Why incomplete subscript/superscript alphabet ?
Jukka K. Korpela
jkorpela at cs.tut.fi
Sat Oct 1 07:00:50 CDT 2016
1.10.2016, 11:29, Khaled Hosny wrote:
> On Fri, Sep 30, 2016 at 07:31:58PM +0300, Jukka K. Korpela wrote:
>> What I was pointing at was that when using
>> rich text or markup, it is complicated or impossible to have typographically
>> correct glyphs used (even when they exist), whereas the use of Unicode
>> codepoints for subscript or superscript characters may do that in a much
>> simpler way.
> That is not generally true.
It is generally true, but not without exceptions.
> In TeX you get true superscript glyphs by default.
I suppose you’re right, though I don’t know exactly how TeX implements
superscripts. I suspect the fonts that TeX normally uses do not contain
(many) superscript or subscript glyph variants, but TeX might actually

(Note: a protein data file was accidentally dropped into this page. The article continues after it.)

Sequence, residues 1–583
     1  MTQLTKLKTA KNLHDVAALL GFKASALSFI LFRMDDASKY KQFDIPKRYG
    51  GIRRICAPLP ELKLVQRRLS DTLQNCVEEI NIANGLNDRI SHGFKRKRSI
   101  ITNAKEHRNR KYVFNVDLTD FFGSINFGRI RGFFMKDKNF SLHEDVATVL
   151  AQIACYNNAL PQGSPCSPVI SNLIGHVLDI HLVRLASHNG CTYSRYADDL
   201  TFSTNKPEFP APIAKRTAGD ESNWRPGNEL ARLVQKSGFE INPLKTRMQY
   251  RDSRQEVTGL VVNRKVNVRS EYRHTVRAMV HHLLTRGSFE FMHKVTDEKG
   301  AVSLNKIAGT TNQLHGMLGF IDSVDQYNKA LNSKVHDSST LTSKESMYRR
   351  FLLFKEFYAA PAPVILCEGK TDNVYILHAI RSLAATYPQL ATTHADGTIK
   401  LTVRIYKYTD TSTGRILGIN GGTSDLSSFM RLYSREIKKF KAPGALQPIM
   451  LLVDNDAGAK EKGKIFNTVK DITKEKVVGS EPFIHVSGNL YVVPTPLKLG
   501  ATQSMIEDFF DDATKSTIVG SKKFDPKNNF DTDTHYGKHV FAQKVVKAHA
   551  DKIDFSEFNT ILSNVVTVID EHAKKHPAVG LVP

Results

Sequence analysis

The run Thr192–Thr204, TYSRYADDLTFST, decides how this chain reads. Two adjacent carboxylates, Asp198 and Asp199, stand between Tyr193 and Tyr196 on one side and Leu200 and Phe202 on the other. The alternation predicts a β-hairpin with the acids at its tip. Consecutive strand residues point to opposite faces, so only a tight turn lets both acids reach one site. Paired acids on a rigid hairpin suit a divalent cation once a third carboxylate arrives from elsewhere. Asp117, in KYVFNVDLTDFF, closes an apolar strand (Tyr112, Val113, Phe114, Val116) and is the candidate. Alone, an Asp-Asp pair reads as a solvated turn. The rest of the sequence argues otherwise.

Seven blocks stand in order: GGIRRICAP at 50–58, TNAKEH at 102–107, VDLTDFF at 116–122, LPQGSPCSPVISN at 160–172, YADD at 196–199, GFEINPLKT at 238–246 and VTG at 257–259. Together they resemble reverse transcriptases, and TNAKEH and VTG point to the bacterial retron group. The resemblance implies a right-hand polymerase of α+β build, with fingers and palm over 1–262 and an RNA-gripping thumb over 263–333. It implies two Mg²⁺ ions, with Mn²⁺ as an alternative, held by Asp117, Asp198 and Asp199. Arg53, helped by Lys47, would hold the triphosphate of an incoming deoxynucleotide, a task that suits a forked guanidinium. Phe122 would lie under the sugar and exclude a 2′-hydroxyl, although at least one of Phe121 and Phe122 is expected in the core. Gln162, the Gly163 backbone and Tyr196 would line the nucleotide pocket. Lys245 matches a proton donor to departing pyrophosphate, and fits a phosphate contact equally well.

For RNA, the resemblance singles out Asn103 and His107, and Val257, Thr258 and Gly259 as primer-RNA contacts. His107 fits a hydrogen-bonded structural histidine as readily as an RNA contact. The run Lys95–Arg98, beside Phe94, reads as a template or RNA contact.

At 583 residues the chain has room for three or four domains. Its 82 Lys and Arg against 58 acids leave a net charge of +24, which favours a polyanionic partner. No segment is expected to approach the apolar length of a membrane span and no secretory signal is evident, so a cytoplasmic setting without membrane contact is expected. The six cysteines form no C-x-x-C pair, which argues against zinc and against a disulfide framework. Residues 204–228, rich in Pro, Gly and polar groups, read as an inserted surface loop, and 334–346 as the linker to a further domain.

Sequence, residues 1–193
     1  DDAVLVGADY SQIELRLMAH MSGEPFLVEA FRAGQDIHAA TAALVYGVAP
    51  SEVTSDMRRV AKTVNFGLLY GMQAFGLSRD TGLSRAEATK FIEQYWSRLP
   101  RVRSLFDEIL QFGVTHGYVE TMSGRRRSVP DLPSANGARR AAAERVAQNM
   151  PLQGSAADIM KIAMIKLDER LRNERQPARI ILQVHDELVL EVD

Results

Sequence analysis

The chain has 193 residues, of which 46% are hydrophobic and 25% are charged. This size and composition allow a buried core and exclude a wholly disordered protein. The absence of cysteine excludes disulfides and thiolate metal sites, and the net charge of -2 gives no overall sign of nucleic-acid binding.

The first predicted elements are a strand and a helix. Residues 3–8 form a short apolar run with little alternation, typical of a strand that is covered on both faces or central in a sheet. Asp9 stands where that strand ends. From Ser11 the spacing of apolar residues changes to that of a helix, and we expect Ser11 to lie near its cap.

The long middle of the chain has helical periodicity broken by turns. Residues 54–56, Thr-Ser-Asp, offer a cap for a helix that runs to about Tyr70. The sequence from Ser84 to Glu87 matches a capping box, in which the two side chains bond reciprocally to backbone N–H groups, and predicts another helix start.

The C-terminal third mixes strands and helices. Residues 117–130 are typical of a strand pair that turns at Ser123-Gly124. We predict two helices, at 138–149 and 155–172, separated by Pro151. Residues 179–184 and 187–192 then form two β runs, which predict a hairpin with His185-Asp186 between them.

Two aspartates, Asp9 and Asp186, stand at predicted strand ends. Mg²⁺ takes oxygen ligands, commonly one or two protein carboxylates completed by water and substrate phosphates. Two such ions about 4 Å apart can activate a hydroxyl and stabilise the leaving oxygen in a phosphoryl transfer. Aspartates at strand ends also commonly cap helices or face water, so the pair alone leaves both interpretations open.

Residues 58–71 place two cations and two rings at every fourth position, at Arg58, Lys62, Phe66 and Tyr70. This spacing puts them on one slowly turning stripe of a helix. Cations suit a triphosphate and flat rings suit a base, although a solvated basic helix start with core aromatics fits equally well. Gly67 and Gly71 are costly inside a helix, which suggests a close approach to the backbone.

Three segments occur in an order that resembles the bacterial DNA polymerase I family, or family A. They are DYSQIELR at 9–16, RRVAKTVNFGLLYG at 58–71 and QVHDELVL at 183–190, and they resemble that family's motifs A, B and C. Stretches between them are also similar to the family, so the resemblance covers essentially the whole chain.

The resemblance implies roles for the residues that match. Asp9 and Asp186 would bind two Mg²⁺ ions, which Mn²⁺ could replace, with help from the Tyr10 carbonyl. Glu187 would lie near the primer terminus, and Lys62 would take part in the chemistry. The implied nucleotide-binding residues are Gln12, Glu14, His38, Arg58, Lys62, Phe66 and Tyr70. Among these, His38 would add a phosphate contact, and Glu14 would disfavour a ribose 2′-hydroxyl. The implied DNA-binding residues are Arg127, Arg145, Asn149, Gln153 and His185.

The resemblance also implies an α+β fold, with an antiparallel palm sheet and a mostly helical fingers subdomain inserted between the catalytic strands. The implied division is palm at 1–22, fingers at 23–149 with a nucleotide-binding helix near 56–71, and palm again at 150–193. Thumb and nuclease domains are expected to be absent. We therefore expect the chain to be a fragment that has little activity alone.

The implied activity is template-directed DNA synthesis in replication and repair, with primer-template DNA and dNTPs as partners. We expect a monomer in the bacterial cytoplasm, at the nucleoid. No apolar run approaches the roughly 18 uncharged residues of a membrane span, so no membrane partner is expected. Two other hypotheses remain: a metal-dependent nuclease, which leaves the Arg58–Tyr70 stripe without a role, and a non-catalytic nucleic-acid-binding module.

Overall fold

map e.g. ^2 in math mode to a superscript glyph for 2 (identical with to
the glyph for ²).
> On the web you can use font features in CSS to get them as
> well, provided that you are using a font that supports them.
This is a good example of my general statement. If you use the simple
way in CSS, you use vertical-align set to sub or super together with a
font-size setting. This is simple and “works”, but it does not use
subscript or superscript glyphs but algorithmically operates on normal
glyphs (and produces different results in different browsers etc.). The
newer way, setting font features, is a) much less widely known, 2) much
less supported in browsers, 3) requires extra settings to deal with
browser-specific names of the relevant properties.
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